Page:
Droopy Eyes Syndrome: Know all about it
Ptosis is more commonly known as Droopy Eyes Syndrome and it can affect either one eye or both. This is a condition that may affect a person later in life or it may be a birth defect. If this condition is present when a baby is born and is acquired within the first year of life, then it is known as congenital ptosis.
Causes of Congenital Ptosis in children
In most of the cases where children have droopy eyes, the causes are unknown or idiopathic. The contraction of the levator palpebrae superioris happens when the eyelids are elevated. In most cases, localized myogenic dysgenesis is the cause of congenital ptosis. Adipose and fibrous tissues are present in the muscle belly, which prevents the levetor from contracting and relaxing. When this happens, the condition is called congenital myogenic ptosis. Congenital ptosis happens through autosomal dominant inheritance. Chromosomal or genetic defects may be likely causes too.
Here are some other potential known causes of Droopy Eyes Syndrome:
- Myotonic dystrophy
- Duane syndrome
- Marcus Gunn jaw-winking syndrome
- Horner syndrome
- Blepharophimosis syndrome
- Birth trauma
- Periorbital tumor
- Myasthenia gravis
- Kearns-Sayre syndrome
- Third cranial nerve palsy (paralysis)
Complications of Congenital Ptosis
Amblyopia may be developed due to the occurrence of astigmatism or when the vision is obstructed directly. In case amblyopia develops, immediate requirement of surgical operation may be necessary to cure the condition.
Underlying medical condition
If you find that your eyelids are drooping, it may be due to an underlying medical problem. This becomes more of a chance if you are getting the symptom in both of your eyes. In case only one eyelid is drooping, a nerve injury may have happened or a temporary sty may have taken place. A sty is harmless swelling and inflammation of the eyelid. People who have undergone routine cataract surgery or maybe LASIK may also suffer from droopy eyes when their eyelids are stretched beyond their normal point.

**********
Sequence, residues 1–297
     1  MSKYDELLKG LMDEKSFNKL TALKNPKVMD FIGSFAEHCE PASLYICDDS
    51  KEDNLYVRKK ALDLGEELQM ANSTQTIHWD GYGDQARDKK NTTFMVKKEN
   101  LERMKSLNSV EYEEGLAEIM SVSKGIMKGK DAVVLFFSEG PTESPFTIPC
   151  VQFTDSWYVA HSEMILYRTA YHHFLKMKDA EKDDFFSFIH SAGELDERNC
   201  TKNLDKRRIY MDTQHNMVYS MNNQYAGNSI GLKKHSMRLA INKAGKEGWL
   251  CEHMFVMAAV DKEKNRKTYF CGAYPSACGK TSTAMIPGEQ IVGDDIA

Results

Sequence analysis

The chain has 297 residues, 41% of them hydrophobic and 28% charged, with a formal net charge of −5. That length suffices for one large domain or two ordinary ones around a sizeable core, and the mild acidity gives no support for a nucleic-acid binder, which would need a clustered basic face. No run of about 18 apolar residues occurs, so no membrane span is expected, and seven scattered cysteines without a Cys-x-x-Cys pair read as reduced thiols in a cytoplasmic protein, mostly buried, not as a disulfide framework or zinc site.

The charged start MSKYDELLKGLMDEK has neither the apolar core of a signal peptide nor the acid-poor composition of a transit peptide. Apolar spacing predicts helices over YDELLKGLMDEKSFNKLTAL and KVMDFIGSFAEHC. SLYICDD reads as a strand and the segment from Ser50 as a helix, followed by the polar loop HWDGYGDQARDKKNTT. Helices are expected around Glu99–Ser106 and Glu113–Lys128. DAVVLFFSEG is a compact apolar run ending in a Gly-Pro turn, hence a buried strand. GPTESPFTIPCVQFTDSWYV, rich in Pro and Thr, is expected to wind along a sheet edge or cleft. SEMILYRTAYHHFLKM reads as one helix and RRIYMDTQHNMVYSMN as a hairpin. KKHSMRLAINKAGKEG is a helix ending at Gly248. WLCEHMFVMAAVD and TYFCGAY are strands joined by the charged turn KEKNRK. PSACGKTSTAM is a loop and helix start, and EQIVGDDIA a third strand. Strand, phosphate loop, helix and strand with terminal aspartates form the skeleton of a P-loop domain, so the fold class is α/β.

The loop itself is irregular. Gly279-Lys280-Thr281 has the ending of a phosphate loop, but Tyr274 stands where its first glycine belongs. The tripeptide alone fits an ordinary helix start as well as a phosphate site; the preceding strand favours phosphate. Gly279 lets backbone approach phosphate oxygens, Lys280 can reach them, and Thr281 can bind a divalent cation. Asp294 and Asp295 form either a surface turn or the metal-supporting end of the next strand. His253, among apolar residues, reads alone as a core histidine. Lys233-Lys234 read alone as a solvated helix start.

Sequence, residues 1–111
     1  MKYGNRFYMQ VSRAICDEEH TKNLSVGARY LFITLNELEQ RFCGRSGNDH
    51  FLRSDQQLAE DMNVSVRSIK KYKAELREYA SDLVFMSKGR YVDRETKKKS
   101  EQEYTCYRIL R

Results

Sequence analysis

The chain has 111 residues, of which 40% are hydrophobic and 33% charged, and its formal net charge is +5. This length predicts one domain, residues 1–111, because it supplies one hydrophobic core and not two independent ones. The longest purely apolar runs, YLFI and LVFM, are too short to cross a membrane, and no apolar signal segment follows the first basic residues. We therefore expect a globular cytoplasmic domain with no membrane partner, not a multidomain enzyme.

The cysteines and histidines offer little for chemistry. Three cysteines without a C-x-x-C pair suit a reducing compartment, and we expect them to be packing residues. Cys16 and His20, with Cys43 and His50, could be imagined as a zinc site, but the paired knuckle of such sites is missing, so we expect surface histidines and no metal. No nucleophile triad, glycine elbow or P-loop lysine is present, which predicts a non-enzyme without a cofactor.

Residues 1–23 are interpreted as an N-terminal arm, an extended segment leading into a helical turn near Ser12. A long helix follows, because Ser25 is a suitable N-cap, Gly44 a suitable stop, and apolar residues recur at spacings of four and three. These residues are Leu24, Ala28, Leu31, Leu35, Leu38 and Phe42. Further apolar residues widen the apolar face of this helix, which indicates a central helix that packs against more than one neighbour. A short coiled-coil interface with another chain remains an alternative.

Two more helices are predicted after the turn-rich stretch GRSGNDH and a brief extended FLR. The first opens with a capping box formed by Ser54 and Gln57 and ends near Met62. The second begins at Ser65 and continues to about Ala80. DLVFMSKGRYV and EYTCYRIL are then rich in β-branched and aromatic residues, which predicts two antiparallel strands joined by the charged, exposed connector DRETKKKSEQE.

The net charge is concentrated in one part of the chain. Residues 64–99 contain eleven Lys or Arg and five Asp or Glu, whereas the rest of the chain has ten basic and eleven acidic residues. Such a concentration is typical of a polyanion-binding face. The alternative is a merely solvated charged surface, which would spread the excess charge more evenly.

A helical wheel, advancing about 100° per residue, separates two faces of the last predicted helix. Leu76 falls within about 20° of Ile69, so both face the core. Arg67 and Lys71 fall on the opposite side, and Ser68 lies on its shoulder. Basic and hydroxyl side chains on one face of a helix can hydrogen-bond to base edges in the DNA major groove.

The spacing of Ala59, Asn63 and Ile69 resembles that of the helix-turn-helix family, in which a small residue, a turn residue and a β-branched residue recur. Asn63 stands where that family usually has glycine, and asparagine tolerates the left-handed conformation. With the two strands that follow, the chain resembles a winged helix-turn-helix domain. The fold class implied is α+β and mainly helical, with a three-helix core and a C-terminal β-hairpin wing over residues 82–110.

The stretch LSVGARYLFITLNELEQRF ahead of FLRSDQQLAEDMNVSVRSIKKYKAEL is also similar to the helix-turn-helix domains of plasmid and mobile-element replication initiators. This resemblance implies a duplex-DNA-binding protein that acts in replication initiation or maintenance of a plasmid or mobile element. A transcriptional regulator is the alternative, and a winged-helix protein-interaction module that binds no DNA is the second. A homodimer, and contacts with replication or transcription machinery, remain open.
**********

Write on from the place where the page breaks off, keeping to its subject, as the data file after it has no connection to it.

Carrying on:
Video of Ptosis Surgery performed in a child by Dr. Debraj Shome, Oculoplastic Surgeon:
The first thing the doctor is going to do is give you a physical examination, after which he may well ask you about your medical history. He will also likely ask you how often you have been experiencing the drooping symptoms and how long this has been happening for. The doctor will then ask you to go for some tests to rule out any other underlying medical condition.
Your doctor may also use a high-intensity light to check your eyes and see it from up close. For this exam, you can expect that the eyes will be dilated a bit, so a little discomfort may happen.
The Tensilon test is another exam that may be performed for people suffering from Ptosis. This is a test that will help determine whether muscle inaction is a result why you are suffering from this condition.
Treatment of Ptosis
As with most illnesses and medical conditions with Ptosis too, treatment depends on the cause of occurrence. If this is a condition that has been there since one’s birth or if it has happened because a person has aged, the doctor may well prescribe no treatment. This is because the condition is not affecting the health of a person and therefore there is no need of any treatment.
Ptosis surgery may be suggested in case the condition has developed for some other reason. For this, an oculoplastic surgeon will have to perform the surgery. The surgeon not only has to be an expert with ophthalmic surgery, he also has to be experienced in cosmetic surgery. In India, there are ample opportunities to get oculoplastic surgery done without any trouble.